Monday, June 15, 2015

Starting Centers the First Week of School

I start centers the very first day of school, some may think I am crazy, but trust me--it makes life so much easier (and it makes the time go by faster)!! 
On the first day I already have the kids at assigned seats at different tables (I have 4 tables in my room). Their name tags are removable so when I figure out their behaviors I can always change their seats. I have 4 to 5 kids at each table.  
For one hour in the morning I do center rotations.  I have four different centers and I put the center activity at their tables.  So during the first rotation everyone is in their assigned seats. 
You can put anything at their tables--if you need to get school supplies organized and unpacked or first day folders checked, then put 4 independent activities at the tables.  If you have time to sit at one of the tables, then put something more difficult at that table.  

Here were my first day rotations this past year:
1. Unifix cubes- a completely independent center, but never a waste of time. Kids quickly figure out patterns, how to work together, how to clean up, where the unifix cubes go when they are put away, etc.
2. One page of their first week of school rule book. I leave my example on the board and all they have to do is cut and glue to assemble.  The lips were already pre traced. 
3. Monster Spin and Graph- This is the center I sat at. I had to sit here for the first couple of minutes until they got the hang of spinning, graphing, passing the spinner, etc.  As soon as I knew they could handle it, I left. I had to do this with each group/rotation.
4. Whiteboards- I leave my word work cards at this table and I instruct them on how to use the cards prior to starting centers.  They are only allowed to draw pictures if they write the word as well.  They did awesome on the first day! 

On the second day, my rotations were as follows:
1. Their first page in their memory book. They write their name and illustrate themselves. 
2. We did the second page of their monster school rule book. Again, I left my example on the board and all they have to do was glue to assemble.  Since I knew this wouldn't take much time today, I also introduced book bins to them at this center.  I took two book bins from our classroom library and put it at the center. I wanted them to see how they match the number on the book to the correct book bin before giving them access to our entire library.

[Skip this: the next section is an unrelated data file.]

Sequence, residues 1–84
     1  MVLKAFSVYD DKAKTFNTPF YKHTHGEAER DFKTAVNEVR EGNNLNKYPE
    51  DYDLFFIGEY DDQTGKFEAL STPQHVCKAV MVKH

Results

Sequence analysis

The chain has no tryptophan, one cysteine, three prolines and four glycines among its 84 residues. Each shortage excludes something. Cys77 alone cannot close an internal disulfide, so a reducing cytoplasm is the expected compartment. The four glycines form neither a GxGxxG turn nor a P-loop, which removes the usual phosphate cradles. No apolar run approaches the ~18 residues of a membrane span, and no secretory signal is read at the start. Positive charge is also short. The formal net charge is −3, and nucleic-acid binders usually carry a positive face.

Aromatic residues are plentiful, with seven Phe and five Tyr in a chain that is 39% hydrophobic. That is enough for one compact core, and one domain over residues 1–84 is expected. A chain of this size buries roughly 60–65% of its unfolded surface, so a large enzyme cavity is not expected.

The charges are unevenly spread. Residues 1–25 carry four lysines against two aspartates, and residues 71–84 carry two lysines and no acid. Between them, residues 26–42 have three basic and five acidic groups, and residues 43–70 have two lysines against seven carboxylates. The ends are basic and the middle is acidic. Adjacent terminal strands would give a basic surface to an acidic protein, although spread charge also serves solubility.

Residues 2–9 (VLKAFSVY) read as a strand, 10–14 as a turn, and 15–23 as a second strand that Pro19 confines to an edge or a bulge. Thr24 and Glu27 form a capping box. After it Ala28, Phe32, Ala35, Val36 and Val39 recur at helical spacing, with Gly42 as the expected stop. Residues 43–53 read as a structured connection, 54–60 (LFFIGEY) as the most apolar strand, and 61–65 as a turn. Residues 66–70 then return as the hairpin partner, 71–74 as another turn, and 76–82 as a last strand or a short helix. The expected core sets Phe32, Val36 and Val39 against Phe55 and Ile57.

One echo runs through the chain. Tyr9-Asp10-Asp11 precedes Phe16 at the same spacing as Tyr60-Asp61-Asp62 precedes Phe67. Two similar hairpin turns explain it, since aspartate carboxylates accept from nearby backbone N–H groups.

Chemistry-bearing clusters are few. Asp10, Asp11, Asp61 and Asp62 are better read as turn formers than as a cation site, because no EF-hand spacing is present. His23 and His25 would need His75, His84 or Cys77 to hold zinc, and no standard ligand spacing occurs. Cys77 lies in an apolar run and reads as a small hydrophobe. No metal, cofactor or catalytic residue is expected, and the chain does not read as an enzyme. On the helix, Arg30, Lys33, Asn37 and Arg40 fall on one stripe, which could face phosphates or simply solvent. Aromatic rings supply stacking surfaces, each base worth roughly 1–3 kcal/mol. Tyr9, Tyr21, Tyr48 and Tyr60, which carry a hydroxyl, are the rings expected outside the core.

3. Their third rotation today was blocks.  We have free choice at the end of the day; however, I don't give them free choice until I feel comfortable enough knowing that they know where everything goes and can clean everything up. So I introduce some of the free choice activities during center time this week.
4. They practiced their fine motor skills by coloring, cutting, and gluing back together this monster number puzzle.  
During centers, I set the bell for about 15 minutes; however, I keep an eye on each rotation.  Sometimes a rotation takes longer and sometimes they are all finished faster than 15 minutes.  If that happens I ring the bell and we move on.  When the bell rings I say, 'Simon says, clean up.' Followed by 'Simon says, stand behind your chair and Simon says, push your chair in.'  Then we do a quick round of 'Simon says' before I say 'Simon says, point to your next center.' This is key!! During this time I check everyones finger to make sure they are pointing in the right direction. If they aren't, I let them know so they can fix where they are pointing.  By the end of the week, they are all pointing the right way and they officially know how to rotate!!
You can also sit at a center during this time and test letter names/sounds or introduce activities like write the room that they will eventually do independently.  We did write the room the first week of school and my kids loved it! Some students only wrote 2 words the entire time and others filled up an entire page. But, they were all engaged and learning how to complete centers!

I use my Back to School pack the first week of school


  1. wow! What a thorough post! I love this...thanks for sharing. I have to admit, at first introduction, you're right this does sound daunting..but the way you explained things, it totally makes sense. I am saving your post to come back to in August and I'm going to think about how I can do something like this in my room this year. :) Thanks!


  2. I agree. It makes it routine and they don't know any different :)

    Literacy Without Worksheets

  3. What if you have some slow workers while the majority is done?

  4. Thanks for sharing. I love the details and pictures. I too have pinned this post to refer back to in August. I am curious about the "first week of school rule book." Would love more details. It looks like a great idea. Thank you

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  6. After the first day, if you know a center will finish faster than others or if you know you have some slow workers/ fast workers, leave something at the center for them to do when they are done. This is why I left book bins on the second day at the rules book center. But you can leave play doh, manipulatives, etc. something that they can't 'finish'

  7. Thank you for this wonder post. It makes such sense and I LOVE getting started right away. Thank you again for sharing your ideas!!

  8. Thank you so much for this post! I teach prek so I will be modifying to work with my four year olds but I'm excited to cut down some of the chaos!

  9. Will your memory book be in your shop soon?

  10. Thanks for the detailed post. I bought your Owl back to school pack and I can't wait to use it.

  11. One question, I didn't see a memory book in your TPT store. do you sell one?